This week is the 800th anniversary of the Magna Carta, the moment when the barons imposed on the monarch an agreement for greater liberties and rights, a milestone on the way to many of the freedoms we enjoy today.
Of course, the journey didn’t start with the Magna Carta. While we in Britain were in our Game of Thrones phase, Beirut was known as the “mother of laws”. I’ll be blogging on the FCO site on the Magna Carta and the modern Middle East, where plenty of tyrants are still clinging on.
However, these are not just questions about dictatorships. Tim Berners Lee, a Brit who has maybe done more for liberty than any other, argues that we need a new Magna Carta for the internet age. He is right. We need a genuine public debate about our digital rights, tackling tough issues around trust and transparency. We need to find the balance between freedom of expression and the rights of others. We have to ensure that technology is an extension of our humanity and not a replacement for it.
The genie does not go back in to the bottle. We can’t prevent massive change as a result of the technology tsunami, even if we want to. What we can do is to ask the right questions about what it means, and what we want from it – the answers are not just about efficiency, speed and cost. We should also acknowledge the victims. The new Lords must find ways to share the benefits with Jaron Lanier’s “digital serfs”, if they are to avoid their own King John moment. And as Kevin Williamson (Washington Post) puts it: “the new emperors should learn from the old emperors that empires fall.”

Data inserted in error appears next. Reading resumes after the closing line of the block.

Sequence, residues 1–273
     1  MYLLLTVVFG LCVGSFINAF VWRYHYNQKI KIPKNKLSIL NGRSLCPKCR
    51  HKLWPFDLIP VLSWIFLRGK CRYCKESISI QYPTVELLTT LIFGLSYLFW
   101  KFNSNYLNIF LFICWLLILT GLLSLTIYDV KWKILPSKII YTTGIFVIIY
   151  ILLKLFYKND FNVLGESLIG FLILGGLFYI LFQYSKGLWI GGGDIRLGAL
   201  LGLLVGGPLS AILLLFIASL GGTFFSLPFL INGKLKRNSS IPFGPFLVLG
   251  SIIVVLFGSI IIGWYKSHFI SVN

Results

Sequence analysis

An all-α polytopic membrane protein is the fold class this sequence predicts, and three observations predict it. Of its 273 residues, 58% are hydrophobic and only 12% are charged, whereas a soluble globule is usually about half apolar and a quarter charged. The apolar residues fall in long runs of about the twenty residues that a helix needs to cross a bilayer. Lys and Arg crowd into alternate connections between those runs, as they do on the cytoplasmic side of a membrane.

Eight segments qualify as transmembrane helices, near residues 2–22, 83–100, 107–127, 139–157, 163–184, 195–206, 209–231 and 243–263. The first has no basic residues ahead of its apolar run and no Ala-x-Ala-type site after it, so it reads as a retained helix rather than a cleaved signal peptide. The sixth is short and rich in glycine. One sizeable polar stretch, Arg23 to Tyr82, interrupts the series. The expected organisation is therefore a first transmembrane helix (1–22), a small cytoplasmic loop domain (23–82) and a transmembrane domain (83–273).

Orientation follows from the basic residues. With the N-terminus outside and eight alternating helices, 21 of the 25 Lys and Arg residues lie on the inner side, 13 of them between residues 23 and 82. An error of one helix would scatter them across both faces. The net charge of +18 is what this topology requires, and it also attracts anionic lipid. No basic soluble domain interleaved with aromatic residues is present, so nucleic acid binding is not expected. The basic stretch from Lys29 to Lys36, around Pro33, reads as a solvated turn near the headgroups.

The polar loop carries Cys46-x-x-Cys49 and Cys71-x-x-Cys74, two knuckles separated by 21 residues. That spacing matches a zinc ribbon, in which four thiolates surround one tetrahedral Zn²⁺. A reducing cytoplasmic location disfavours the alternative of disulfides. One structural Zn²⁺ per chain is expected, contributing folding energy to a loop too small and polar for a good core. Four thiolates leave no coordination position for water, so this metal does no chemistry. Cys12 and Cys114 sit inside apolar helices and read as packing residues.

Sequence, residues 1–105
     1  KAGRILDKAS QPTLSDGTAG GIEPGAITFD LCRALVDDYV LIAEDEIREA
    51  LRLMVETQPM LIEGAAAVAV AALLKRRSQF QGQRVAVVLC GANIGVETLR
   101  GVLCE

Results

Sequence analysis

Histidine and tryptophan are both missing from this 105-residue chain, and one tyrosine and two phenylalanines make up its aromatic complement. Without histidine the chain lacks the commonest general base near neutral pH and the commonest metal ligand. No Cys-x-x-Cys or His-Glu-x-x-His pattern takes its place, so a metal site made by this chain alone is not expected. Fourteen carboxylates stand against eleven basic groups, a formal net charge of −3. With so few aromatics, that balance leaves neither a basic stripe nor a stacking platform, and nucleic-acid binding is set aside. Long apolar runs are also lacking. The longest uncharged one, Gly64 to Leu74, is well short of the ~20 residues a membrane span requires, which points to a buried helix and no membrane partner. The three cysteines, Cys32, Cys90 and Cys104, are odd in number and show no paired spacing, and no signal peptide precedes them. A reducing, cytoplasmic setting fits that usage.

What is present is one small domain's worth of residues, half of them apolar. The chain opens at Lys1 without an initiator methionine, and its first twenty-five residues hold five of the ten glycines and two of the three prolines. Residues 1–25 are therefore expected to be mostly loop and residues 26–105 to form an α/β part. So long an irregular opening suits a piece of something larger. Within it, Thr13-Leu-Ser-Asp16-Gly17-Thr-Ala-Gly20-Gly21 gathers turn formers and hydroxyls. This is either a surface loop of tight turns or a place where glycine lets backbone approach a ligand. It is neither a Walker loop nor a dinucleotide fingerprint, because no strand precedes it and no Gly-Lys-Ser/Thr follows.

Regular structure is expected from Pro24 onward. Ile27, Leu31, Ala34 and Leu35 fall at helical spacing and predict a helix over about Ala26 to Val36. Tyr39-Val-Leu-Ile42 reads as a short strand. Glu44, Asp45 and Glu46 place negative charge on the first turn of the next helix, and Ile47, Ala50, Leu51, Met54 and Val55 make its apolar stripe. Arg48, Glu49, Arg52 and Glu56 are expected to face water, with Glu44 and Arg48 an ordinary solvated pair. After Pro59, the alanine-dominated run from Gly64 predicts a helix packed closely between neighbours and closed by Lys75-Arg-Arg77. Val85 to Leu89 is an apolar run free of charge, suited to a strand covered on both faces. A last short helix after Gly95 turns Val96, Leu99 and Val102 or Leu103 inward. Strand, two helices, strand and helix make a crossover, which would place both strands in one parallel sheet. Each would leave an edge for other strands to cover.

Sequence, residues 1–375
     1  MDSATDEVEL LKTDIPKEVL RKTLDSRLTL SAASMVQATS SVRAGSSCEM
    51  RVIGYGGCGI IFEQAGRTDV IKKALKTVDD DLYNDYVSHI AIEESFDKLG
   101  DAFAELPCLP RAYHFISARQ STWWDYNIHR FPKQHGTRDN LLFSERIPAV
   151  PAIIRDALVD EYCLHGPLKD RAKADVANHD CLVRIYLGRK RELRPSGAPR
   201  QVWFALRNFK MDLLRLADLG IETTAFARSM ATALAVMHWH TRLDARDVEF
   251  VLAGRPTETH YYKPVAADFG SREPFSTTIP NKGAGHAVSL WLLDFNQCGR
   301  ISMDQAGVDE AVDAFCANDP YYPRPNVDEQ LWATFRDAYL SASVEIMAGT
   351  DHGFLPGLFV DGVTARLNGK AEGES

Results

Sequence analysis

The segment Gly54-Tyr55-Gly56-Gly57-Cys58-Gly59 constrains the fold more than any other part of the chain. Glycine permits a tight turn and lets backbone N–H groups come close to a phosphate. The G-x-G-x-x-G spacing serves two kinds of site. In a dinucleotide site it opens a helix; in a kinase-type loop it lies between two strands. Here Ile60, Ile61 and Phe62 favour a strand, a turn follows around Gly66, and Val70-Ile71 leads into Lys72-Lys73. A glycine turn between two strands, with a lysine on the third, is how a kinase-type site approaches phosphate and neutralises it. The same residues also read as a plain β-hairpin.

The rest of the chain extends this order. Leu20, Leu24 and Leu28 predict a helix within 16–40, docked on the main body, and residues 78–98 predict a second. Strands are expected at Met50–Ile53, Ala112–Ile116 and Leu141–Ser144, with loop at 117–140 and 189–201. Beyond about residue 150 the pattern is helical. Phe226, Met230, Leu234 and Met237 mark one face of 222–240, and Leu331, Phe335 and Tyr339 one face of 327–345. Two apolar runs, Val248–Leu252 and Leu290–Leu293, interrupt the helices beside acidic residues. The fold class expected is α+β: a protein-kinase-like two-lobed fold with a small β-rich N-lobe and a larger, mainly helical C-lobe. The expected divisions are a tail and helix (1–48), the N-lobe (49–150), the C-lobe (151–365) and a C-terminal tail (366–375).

On these questions, many activists have dismissed ‘the government’ as some sort of monolithic block on freedom, captured by traditional elites. Fight the system, Wikileaks-style. But governments have long lost anything vaguely resembling a monopoly on information and influence. Secrets are becoming harder to justify and harder to keep. There will always be reactionary pockets of government, and some are dominated by them. But in freer societies, policy making is more fluid, flat, and free. So, just as governments need to get past a paternalistic ‘we know best’ view of society; so do activists need to look again at which parts of government to work with, and yes – trust. Governments will need to show that they have sufficient safeguards in place for the data that they will have to collect. Individuals will need to lead the debate about how we shape the digital services we use rather than simply inhabit them.
This can provide the basis for a serious debate about how society adapts to the internet in a way that preserves maximum liberty and transparency. We can’t just mooch through these questions, or get distracted by photos of cute cats. We need new global standards, ‘Statutes of Liberty’, safeguarding freedom of expression, and setting out parameters of net neutrality.
Of course, tech bling and must have gadgets aside, these arguments on the balance between freedoms and security predate the digital era. Like the Magna Carta barons, we still need to understand where authority begins and ends; what issues fall under the rule of law; and how to balance the rights of individuals and communities.
There are also still tyrants to topple. When I asked FIFA delegates in Zurich why they had lied to democratically elected leaders during the 2018 bidding process, they laughed and asked ‘what do we have to lose?’. I wonder if Sepp Blatter will be blogging on the Magna Carta anniversary. He probably has more immediate worries on his mind.